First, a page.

“That shows the mass market appeal that we have been hoping to see,” Lawton said.

The last time casinos in downtown Las Vegas reported a double-digit increase in their monthly gaming revenues was June 2008 — which was also the last time gaming revenues actually increased in the troubled market.

So when Nevada gaming regulators released October’s gaming figures Thursday, downtown’s 10.3 percent increase, the area’s first monthly jump in 27 months, was a surprise.

Statewide, gaming revenues grew 11 percent during October, Nevada’s third straight monthly increase.

On the Strip, gaming revenues grew 16 percent, the sixth time in the last 10 months that casinos along Las Vegas Boulevard increased what they collected from gamblers compared with 2009.

For the first 10 months of 2009, gaming revenues are up 1 percent statewide while Strip gaming revenues are up 5.4 percent.

“We get the sense the path to a broader Las Vegas recovery is well under way,” Stifel Nicolaus Capital Markets gaming analyst Steven Wieczynski told investors. “While we’re encouraged by today’s results, it remains too early to tell how long it will take for conditions to return to pre-recession levels.”

The Gaming Control Board said casinos statewide collected gaming revenues of almost $888.6 million, which compared with almost $800.4 million collected in October 2009. Strip casinos collected $494.8 million from gamblers during October, compared with almost $426.3 million in the same month a year ago.

Independent gaming analyst Jonathan Galaviz told clients there has been significant optimism for the state’s prospects since the summer.

“In our view, these results indicate a statewide stabilization of Nevada’s casino gaming industry,” Galaviz said. “Stabilization does not mean every month will be up; there will be some down months. However, the long-term trajectory of both casino revenue and tourism visitation should be positive for Nevada into 2011.”

Mike Lawton, the control board’s senior research analyst, said two points stand out when looking at October’s results.

The statewide increase would have taken place without results from baccarat, which has driven the casino industry in Las Vegas much of the past year. Also, slot machine wagering statewide increased for the first time in 35 months.

Revenues from baccarat on the Strip were $91.4 million, an increase of 41.2 percent. The amount wagered on the game was $492.4 million, a decline of 29.2 percent. However, the hold percentage was 18.57 percent, well above the game’s normal hold percentage of 11.23 percent.

“It shows how volatile the game can be,” Lawton said. In June, the Strip’s baccarat hold percentage was 3.5 percent and gaming revenues fell almost 7 percent that month.

Meanwhile, when the baccarat numbers were backed out of the overall figures, gaming revenues statewide would have increased almost 8.5 percent, the second time this year that has happened. The number would have been the largest statewide increase without baccarat since September 2007.

The amount wagered on slot machines statewide was $9.28 billion, an increase of 0.3 percent and the first time there has been a monthly increase in coin-in since October 2007. The amount wagered on slot machines increased in 10 of the state’s 16 reporting regions.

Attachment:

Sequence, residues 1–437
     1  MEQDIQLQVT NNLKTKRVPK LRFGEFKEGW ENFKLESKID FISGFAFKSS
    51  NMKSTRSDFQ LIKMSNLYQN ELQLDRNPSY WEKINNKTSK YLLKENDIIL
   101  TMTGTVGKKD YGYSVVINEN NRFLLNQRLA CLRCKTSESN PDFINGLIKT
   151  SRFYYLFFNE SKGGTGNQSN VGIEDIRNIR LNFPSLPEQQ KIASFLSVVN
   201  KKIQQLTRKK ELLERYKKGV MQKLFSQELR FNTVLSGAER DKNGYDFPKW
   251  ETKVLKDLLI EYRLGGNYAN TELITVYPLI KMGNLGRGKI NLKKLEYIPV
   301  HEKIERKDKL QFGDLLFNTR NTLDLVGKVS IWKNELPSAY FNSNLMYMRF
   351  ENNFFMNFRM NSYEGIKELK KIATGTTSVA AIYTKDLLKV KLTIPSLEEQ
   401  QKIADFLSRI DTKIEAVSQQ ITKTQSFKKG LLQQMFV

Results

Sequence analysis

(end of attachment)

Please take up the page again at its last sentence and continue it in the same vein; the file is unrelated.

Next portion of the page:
“That shows the mass market appeal that we have been hoping to see,” Lawton said.

October’s double-digit gaming revenue increases statewide and on the Strip didn’t take analysts by surprise. Executives from Strip casino giant MGM Resorts International had been guiding investors that October was a solid month for the company’s 10 Strip resorts.

“This data continues to suggest we’ve moved beyond stabilization in Las Vegas and have entered the early stages of recovery,” Union Gaming Group Principal Bill Lerner said. “Room rates should follow in our view.”

But the results downtown and in the Las Vegas locals markets had analysts buzzing.

Las Vegas Mayor Oscar Goodman, downtown’s biggest proponent, touted the revenue hike, which followed Wednesday’s announcement that the closed Lady Luck would be redeveloped and the previously announced move by online retailer Zappos from Henderson to the Las Vegas City Hall building in 2012.

The mayor believes downtown is growing its tourism market.

“I’m a big anecdotal guy and I believe there is a general feeling of confidence,” Goodman said. “People are again starting to discover downtown and this news will continue that energy.”

Along with downtown’s double-digit jump, North Las Vegas casinos were up almost 3.4 percent, Boulder Strip casinos — which includes Henderson — had a nearly 3 percent increase and casinos in the balance of the county were up almost 9.4 percent. Clark County as whole reported a 12.5 percent gaming revenue hike.

Wells Fargo Securities gaming analyst Carlo Santarelli estimated the locals market generated $169.4 million in gross gaming revenues, which was especially positive for Boyd Gaming Corp., which operates casinos in the locals market and is the dominant player downtown.

“The Las Vegas locals market (was) up 6.2 percent year over year,” Santarelli told investors. “We think this bodes well for Boyd’s fourth quarter.”

Jefferies & Co. gaming analyst David Katz attributed the downtown increase to 25 percent higher table game revenue and a nearly 6 percent increase in slot machine revenues.

Katz told investors stock prices will most likely reflect recovery for Strip casinos rather than downtown properties at the present time.

“Overall, we view the October casino revenue results positively and believe that the year-over-year gain could indicate the continuation of a market improvement, particularly given that the downtown and locals markets also showed solid year-over-year growth,” Katz told investors.


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